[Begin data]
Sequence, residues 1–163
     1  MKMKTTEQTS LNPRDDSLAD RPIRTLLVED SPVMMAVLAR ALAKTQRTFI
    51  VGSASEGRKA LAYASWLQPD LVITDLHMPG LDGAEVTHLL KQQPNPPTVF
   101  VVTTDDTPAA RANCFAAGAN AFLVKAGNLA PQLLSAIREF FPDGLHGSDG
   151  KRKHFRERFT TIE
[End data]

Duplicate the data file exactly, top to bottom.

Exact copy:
Sequence, residues 1–163
     1  MKMKTTEQTS LNPRDDSLAD RPIRTLLVED SPVMMAVLAR ALAKTQRTFI
    51  VGSASEGRKA LAYASWLQPD LVITDLHMPG LDGAEVTHLL KQQPNPPTVF
   101  VVTTDDTPAA RANCFAAGAN AFLVKAGNLA PQLLSAIREF FPDGLHGSDG
   151  KRKHFRERFT TIE